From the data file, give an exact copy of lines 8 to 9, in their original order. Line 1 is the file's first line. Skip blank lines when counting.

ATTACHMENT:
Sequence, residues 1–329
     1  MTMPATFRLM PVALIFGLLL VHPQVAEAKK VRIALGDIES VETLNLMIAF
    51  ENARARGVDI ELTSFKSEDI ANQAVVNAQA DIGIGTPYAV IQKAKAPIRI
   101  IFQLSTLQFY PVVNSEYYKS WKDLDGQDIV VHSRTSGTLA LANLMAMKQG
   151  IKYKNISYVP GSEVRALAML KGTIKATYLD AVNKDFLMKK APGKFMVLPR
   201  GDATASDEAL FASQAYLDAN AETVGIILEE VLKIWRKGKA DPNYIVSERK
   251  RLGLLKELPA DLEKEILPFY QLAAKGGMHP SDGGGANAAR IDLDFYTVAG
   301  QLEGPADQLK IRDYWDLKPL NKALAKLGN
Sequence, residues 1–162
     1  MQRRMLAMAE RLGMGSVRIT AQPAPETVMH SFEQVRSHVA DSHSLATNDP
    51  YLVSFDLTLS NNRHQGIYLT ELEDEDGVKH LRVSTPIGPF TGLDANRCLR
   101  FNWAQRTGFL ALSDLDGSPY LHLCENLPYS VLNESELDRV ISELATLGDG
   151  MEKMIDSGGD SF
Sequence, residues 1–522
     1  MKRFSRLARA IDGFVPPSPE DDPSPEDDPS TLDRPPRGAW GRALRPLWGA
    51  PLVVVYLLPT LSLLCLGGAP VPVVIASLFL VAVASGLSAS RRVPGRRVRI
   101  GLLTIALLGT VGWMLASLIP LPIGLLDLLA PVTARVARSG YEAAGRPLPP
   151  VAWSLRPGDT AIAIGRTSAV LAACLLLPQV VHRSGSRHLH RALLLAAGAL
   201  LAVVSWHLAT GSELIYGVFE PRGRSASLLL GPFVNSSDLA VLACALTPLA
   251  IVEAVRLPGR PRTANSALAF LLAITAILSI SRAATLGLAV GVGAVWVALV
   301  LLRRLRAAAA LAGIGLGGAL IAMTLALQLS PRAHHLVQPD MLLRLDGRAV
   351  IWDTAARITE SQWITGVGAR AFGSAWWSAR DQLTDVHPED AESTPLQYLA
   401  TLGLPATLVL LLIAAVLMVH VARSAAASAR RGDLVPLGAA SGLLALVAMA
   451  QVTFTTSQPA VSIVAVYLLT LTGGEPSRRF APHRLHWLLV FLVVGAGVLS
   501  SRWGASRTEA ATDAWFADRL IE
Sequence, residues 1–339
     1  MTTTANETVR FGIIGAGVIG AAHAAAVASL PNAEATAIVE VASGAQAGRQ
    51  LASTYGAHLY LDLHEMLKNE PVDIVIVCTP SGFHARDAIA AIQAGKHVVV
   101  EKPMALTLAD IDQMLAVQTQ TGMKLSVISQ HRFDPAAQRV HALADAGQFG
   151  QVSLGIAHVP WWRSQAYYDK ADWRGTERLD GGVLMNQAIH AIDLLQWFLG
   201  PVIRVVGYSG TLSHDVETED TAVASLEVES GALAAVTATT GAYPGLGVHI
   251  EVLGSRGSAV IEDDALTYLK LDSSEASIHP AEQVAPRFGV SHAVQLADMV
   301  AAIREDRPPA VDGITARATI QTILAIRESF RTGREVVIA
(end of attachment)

   301  QLEGPADQLK IRDYWDLKPL NKALAKLGN
Sequence, residues 1–162